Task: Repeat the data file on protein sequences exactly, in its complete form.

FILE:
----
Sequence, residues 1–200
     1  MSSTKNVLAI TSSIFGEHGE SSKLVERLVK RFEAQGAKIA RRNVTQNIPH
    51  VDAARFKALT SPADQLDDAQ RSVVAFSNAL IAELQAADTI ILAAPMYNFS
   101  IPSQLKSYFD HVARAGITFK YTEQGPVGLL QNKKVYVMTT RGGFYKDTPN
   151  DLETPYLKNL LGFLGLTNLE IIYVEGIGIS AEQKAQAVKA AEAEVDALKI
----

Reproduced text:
Sequence, residues 1–200
     1  MSSTKNVLAI TSSIFGEHGE SSKLVERLVK RFEAQGAKIA RRNVTQNIPH
    51  VDAARFKALT SPADQLDDAQ RSVVAFSNAL IAELQAADTI ILAAPMYNFS
   101  IPSQLKSYFD HVARAGITFK YTEQGPVGLL QNKKVYVMTT RGGFYKDTPN
   151  DLETPYLKNL LGFLGLTNLE IIYVEGIGIS AEQKAQAVKA AEAEVDALKI